By Brayden Evans
AgVenture Product Marketing Intern
Certain areas around the Midwest have received significant hail damage to crops in recent days and weeks. After damage has occurred it is important to wait at least 5 days before assessing. This gives the crop the appropriate time to regrow and allows you to more accurately evaluate stand loss.
For most of the Midwest, corn is young and in stages ranging from V2 to V7. Staging a crop at the time of injury is important to know how much yield loss can be expected. Corn that is V5 and younger will relatively have little yield loss. At stage V6 the growing point of corn is near or at the soil surface. Damage that occurs at this stage and older can cause yield reduction and potential plant death. When splitting corn stalks, look for a soft and discolored growing point. This is a good indicator that the plant will not survive and should not be counted in your stand evaluation.
Accurate stand counts need to be taken to be able to calculate potential yield loss. Yield loss is low when plants are young but increases significantly as plants reach stage VT when tassels appear. Replanting may be an option if hail damage is severe early in the season. To determine this decision, you should compare the yield potential of the replanted crop to the yield potential of the current crop. It is important to consider the costs of seed, tillage, fuel, and labor when considering replanting. When replanting is not an option it is beneficial to consider other options like a fungicide.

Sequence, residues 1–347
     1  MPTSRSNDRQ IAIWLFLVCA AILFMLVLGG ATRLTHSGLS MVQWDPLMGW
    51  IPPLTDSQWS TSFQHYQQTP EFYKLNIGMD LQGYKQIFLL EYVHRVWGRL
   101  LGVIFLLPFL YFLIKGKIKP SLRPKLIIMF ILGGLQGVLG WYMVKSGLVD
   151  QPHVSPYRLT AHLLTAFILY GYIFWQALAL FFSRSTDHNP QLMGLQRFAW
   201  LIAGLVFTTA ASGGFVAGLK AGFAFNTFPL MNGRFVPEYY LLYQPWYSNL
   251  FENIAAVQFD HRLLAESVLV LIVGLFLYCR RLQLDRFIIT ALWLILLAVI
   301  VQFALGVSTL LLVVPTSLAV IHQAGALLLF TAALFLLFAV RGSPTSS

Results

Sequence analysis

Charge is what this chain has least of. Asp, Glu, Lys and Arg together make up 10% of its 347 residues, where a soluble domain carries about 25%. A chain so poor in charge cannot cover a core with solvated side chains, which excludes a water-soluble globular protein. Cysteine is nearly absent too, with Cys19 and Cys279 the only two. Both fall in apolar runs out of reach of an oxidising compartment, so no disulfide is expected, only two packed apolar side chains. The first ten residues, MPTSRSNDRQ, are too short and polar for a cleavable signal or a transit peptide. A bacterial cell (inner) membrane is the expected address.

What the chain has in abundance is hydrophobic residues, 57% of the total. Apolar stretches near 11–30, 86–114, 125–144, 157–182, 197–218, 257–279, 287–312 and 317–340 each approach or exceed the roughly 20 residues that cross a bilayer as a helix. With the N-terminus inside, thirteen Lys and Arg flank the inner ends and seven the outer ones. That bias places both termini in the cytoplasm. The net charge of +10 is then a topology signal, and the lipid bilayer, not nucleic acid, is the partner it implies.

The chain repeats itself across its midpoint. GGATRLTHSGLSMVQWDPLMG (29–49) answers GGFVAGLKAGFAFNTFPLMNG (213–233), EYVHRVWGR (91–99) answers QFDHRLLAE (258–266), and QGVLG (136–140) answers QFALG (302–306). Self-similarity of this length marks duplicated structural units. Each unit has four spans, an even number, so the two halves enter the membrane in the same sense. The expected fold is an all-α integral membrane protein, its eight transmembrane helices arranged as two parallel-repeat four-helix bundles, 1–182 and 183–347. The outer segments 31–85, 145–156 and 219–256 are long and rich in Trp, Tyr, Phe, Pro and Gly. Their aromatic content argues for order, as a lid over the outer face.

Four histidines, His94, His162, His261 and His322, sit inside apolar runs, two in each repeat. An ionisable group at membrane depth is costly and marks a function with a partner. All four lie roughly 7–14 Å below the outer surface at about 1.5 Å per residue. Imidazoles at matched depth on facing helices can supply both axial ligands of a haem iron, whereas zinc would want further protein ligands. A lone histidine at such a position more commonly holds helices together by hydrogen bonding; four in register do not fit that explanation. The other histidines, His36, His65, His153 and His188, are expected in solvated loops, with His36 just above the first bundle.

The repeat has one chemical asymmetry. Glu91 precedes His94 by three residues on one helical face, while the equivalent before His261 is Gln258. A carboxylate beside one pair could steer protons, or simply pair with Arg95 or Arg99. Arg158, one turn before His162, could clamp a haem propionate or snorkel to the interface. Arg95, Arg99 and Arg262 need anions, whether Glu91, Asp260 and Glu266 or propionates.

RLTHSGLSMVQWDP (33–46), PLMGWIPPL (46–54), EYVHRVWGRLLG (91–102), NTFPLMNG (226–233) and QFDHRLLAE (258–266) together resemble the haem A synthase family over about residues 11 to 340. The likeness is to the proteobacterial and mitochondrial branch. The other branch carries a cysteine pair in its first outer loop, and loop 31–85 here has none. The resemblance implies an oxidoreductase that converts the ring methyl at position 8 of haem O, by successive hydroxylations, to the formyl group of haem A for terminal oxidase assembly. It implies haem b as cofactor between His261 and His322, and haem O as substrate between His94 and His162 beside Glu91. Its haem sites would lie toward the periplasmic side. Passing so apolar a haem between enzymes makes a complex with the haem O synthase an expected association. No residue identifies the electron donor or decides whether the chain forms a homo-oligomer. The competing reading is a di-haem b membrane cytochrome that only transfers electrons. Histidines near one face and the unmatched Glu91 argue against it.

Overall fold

AgVenture West Regional Product Manager, Louis Sutton, says, “After hail damage has occurred it is important to apply a fungicide such as Trivapro® or Veltyma® that will repair crop health. These products have multiple modes of action allowing plants to increase yield potential.”
Hail damage to corn leaves causes tears and bruising creating an easy area for fungus to infect the plant. Applying a fungicide helps to control fungal diseases that can damage plants further. Fields that have received hail damage should be considered for an early harvest. Reach out to your local AgVenture Yield Specialist to see what fungicide is right for you!